Thursday, February 24, 2011


Tonight as I was driving home I contemplated what I might find in the house for dinner.  I forgot to plan ahead so whatever was in the pantry would have to do. I also had a movie to watch that needed to be returned to the library by midnight, so whatever I fixed would have to be quick, ready to eat in front of the TV, and warm me up enough for a quick trek through the snow to my neighborhood library branch.  By the time I drove the 7 minutes from work to home I'd made up my mind to have some soup and a hunk of bread.

Soup is one of those things that can be extremely simple or extravagantly complicated. Potato Soup in particular is one of those that can be very basic or quite elaborate, depending upon what else you might have in your pantry or your energy level at cooking time. 

Face it, potatoes are one of those foods that will go with almost anything.  Many cultures around the world wouldn't consider sitting down to a meal without potatoes on the plate.  They're basically a bland ingredient that can take on lots of other flavors and tastes terrific no matter what you do to them.

As a kid, my Mom made Potato Soup often for Saturday lunches. Served with a hot dog along side, this was one of my favorite meals. Helping her make this was how I learned to peel potatoes (because it never would have occurred to Mom to leave the skins on!) Her soup was the simple soup she must have learned to make from her Mother while growing up on a farm in the years following the Depression where they grew potatoes and milked their own goats and cows, but probably did not have things like celery or leeks or garlic growing in the kitchen garden.

Simple ingredients made for a simple
soup.  Now my tastes run just
a bit more complex.
Mom’s recipe – cube 1 medium sized potato (peeled) per person. Over medium-high heat, cover potatoes with water to cover, boil in water till soft, add a little milk, season with salt and pepper and serve.

This was simple food at its most basic - economical, easy to make and tummy-filling when there isn’t a lot of stuff hanging around your pantry because you can’t afford to buy it. Potatoes were (and still are) cheap, everyone had milk in the fridge (or out in the cow), and salt and pepper were THE seasonings for absolutely everything we ate. While visiting with my folks in Florida last winter, Mom served this same soup for lunch one day (complete with a hot dog along side) and I felt like a kid again eating this very elementary meal.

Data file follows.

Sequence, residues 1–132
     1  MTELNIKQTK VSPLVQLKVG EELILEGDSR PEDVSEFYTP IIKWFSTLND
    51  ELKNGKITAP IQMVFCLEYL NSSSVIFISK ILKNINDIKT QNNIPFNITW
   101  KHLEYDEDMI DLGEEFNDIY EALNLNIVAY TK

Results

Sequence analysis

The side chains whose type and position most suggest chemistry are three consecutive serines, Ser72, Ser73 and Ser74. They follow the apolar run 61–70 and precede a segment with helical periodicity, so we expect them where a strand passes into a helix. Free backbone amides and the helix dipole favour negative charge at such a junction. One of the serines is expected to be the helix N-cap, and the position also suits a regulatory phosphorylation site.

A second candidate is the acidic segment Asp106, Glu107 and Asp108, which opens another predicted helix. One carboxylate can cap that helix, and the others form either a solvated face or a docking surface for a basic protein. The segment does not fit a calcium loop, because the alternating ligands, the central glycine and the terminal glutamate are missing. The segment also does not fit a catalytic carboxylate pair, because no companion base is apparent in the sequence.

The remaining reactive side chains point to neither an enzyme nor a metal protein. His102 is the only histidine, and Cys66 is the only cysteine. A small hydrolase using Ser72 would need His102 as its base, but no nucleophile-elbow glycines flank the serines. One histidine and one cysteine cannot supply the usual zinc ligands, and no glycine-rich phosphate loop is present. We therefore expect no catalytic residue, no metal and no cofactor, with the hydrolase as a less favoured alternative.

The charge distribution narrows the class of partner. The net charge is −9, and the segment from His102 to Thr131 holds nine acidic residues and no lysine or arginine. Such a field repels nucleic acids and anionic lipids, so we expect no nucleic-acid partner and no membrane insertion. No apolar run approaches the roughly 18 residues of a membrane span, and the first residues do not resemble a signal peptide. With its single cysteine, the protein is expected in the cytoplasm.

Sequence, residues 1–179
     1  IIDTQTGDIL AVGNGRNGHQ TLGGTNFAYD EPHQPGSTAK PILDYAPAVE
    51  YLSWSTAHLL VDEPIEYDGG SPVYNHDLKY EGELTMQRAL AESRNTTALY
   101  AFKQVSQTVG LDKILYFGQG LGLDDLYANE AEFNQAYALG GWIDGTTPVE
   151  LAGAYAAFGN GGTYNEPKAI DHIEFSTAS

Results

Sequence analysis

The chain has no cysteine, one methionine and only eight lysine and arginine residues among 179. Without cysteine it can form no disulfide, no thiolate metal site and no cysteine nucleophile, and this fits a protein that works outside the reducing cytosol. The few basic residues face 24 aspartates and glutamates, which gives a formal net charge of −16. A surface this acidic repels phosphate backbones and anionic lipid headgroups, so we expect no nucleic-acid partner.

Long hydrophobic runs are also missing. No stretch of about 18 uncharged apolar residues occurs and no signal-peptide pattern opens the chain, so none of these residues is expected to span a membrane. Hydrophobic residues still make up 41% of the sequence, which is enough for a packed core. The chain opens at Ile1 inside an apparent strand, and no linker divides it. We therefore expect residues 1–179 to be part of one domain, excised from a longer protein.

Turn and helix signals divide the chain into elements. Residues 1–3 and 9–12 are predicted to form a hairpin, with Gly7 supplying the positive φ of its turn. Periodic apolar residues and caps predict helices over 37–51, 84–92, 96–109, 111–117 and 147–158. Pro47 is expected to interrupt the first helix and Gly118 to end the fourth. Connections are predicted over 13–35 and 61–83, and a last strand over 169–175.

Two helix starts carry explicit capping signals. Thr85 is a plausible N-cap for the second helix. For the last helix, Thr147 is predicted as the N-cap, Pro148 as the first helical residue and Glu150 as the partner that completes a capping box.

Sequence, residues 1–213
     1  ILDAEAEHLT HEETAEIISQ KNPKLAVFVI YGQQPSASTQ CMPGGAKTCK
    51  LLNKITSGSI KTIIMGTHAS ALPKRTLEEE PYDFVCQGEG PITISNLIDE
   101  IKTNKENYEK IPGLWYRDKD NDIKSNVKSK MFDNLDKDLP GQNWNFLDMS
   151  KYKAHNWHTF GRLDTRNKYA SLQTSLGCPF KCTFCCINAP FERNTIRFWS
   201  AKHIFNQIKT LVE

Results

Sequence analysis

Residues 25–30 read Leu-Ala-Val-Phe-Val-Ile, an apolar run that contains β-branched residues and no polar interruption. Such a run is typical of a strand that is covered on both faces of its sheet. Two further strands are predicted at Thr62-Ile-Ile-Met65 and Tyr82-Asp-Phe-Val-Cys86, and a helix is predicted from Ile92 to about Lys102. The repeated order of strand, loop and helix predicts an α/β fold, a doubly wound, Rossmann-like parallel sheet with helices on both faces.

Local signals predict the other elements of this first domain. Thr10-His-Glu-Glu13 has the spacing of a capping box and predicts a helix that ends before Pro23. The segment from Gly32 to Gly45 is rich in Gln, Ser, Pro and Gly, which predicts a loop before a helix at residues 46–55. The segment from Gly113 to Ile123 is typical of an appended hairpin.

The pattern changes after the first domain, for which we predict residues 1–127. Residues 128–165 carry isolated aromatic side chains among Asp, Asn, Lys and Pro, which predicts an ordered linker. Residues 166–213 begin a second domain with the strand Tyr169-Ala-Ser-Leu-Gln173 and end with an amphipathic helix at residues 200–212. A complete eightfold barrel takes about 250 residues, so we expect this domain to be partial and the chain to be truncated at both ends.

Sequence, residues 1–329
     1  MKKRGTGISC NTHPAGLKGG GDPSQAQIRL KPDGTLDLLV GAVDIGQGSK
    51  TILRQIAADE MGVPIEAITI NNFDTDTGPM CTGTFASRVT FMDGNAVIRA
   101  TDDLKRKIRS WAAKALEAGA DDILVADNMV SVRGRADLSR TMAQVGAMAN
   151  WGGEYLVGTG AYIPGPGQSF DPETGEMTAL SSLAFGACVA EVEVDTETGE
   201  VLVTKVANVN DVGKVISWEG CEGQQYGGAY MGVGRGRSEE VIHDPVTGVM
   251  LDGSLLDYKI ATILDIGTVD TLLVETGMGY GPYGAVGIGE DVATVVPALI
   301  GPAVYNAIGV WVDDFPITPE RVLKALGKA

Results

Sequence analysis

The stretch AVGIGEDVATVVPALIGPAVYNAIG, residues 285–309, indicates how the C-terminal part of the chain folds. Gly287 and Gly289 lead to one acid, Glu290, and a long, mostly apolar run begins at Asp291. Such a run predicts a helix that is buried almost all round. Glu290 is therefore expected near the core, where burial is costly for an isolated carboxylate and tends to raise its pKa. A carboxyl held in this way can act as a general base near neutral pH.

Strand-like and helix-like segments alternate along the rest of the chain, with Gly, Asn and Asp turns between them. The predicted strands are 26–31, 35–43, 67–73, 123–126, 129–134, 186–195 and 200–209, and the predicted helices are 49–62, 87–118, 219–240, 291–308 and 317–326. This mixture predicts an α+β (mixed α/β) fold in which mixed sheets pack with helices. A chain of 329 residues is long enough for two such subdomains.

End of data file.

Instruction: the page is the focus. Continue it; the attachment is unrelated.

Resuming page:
Luckily, I have a few more ingredients in my kitchen that lend themselves to dressing up a simple pot of cooked potatoes.  For instance, when I brought home a package of smoked sausage a few weeks ago, I cut it into single serving size pieces and froze them so that I could pull out one piece when I wanted it.  So my plan was to use one of those, a couple of taters from the pantry and whatever else I could scrounge for a nice bowl of warm soup.  The end product turned out very tasty and I was sad when the bowl was empty.  Maybe next time I'll double up and make enough for another night.

Potato soup ingredients ready
for the pot
1 teaspoon vegetable oil
1/2 stalk celery, washed and diced small
1/4 teaspoon chopped garlic
2 tablespoons chopped onion
salt and pepper to taste
1/2 cup sliced smoked sausage
2 small potatoes, peeled and diced small
1 1/2 cups water (or chicken broth)
1 kale leaf, stalk removed and sliced
1/2 cup milk mixed with 1 teaspoon corn starch
1 1/2 teaspoons powdered cheese (optional)*
sprinkle of fresh or dried parsley

In a heavy bottomed 2 quart saucepan over medium high heat, heat the oil. Add the celery, onion and saute until soft. Add the garlic and sausage and stir until the sausage has browned a bit. Add the potatoes and water (or broth) making sure the potatoes are covered.

 Let cook on medium high heat until the potatoes are cooked through, about 10 minutes.  You may wish to remove some of the cooking water at this point, it depends upon whether you like more "soup" than "stuff" in your bowl.  I prefer the "stuff" so will sacrifice some broth here.

Add the kale and the milk and cornstarch mixture. Heat to a simmer until soup thickens. Add the cheese powder if you wish and the parsley. Taste and adjust seasonings. Serve immediately.
* Note - I've begun to look for more uses for the powdered cheese I bought for my Cheeseburger Mac dinner.  Originally I got this to bake some bread with and then have lost track of that recipe.  Meanwhile, it lends a bit of cheesy goodness to lots of things without the mess of trying to melt reaL cheddar cheese.  If you feel adventurous, you can find this in the bulk store or order on-line from King Arthur Flour.  

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